The barcodes can also be used by hospital staff to identify patients from MCIs and know exactly what’s been done for them. That single identifier, used from first response through EMS care and into the emergency department, helps ensure accuracy in the transitions between caregivers that can so often lead to errors.

“Our purpose is to improve the lives of people in need and those who serve them,” said Pulsara founder and CEO James Woodson, M.D., FACEP. “To do that, it’s imperative to get the right information to the right people at the right time. In mass-casualty and multiple-patient incidents, the ‘right time’ can be a matter of seconds. We’re excited to be able to empower emergency responders with a tool that will enable them to connect with the right people at the right time and better track patients, even in the most critical of situations.”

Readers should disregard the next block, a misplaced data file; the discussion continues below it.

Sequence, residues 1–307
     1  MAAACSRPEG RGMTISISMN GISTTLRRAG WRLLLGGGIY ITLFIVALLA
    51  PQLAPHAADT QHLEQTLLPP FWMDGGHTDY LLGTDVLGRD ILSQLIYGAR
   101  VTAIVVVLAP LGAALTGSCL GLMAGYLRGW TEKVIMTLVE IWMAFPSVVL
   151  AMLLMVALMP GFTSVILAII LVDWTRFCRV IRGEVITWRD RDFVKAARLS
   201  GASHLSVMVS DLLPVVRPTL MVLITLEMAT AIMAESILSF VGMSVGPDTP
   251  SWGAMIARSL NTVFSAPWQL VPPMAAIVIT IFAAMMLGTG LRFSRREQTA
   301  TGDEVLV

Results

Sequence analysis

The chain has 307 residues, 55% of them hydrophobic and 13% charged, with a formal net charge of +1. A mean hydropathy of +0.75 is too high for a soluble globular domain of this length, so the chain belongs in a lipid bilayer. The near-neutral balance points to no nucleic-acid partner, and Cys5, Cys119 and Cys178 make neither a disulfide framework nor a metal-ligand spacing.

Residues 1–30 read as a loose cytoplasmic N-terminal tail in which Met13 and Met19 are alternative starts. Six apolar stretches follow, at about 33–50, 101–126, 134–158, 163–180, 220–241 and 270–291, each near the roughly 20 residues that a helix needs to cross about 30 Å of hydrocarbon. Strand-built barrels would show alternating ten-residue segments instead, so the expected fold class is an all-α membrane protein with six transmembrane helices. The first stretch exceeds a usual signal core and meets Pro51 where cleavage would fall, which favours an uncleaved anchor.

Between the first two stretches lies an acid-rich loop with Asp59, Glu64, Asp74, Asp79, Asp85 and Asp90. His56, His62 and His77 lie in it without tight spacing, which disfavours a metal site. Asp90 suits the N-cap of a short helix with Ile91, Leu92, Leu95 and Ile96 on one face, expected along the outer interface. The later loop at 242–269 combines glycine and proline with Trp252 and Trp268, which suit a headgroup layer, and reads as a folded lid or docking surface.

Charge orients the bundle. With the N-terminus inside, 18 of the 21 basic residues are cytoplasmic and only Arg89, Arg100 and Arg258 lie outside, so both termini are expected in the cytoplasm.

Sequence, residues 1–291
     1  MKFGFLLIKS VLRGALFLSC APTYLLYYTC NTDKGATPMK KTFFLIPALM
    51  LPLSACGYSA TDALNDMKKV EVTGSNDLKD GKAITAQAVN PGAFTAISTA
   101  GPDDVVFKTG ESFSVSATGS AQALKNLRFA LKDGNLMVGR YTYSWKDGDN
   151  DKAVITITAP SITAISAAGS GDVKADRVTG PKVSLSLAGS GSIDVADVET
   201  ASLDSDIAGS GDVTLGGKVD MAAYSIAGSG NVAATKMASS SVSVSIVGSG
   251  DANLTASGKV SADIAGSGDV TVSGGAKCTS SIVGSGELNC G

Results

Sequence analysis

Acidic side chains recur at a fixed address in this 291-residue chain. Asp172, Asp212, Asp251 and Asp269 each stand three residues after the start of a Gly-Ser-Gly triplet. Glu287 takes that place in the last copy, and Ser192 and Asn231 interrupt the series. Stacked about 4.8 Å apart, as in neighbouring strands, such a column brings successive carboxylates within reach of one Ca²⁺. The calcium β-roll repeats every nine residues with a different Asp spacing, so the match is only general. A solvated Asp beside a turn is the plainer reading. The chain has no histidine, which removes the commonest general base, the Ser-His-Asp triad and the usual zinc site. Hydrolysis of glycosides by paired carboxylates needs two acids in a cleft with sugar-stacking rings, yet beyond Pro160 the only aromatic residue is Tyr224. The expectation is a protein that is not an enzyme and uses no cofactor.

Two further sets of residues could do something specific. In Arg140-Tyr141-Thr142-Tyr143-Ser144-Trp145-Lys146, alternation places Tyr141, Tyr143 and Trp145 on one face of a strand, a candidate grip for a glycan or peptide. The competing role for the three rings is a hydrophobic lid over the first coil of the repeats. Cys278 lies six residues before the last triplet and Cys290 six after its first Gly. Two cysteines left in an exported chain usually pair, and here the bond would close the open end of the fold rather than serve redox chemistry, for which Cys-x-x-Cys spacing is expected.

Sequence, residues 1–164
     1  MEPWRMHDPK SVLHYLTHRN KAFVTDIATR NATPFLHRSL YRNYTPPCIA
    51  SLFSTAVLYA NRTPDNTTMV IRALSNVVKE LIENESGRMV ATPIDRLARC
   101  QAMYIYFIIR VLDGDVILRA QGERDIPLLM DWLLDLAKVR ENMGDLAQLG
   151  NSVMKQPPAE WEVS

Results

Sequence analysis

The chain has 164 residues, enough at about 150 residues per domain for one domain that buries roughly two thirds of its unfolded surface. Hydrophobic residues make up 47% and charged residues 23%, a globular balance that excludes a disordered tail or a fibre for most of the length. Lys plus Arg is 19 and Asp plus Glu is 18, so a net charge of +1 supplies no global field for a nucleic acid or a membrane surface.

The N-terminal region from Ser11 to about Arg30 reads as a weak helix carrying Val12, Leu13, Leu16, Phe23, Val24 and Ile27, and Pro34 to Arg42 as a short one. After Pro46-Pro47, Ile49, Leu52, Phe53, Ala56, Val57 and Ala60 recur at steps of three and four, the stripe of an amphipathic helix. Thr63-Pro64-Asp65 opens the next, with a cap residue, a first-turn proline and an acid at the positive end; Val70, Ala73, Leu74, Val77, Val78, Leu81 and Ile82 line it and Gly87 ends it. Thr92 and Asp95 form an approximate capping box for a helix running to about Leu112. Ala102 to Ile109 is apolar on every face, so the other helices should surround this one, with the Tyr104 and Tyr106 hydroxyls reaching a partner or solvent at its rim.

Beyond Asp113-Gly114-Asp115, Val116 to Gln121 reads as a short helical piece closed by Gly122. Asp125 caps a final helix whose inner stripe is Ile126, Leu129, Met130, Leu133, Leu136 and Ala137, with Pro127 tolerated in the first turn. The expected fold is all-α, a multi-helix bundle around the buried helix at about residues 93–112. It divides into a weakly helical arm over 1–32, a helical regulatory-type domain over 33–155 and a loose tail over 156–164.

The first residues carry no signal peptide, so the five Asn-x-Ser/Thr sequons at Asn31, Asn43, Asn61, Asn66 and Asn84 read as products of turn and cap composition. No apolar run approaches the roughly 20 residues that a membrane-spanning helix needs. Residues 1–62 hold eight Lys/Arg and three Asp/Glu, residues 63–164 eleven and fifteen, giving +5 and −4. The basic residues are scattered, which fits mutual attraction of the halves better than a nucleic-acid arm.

Responders to the Lubbock exercise found six clear benefits to Pulsara’s Incident Management tool.

1. Speed – While paper triage tags have been a reliable feature of MCI response for generations, they’re not quick to use. In Texas, combining the preproduced wristbands with Pulsara’s Incident Management functionality yielded a faster, more efficient way to work through a high number of casualties.

“The application is so user-friendly, my personnel enjoyed being able to streamline the triage process on a busy scene,” said Fox. “Using paper triage tags can cause unneeded confusion or lost time on a scene where resources are overloaded and seconds count. Our responders were able to locate, triage and start the patient channels with ease.”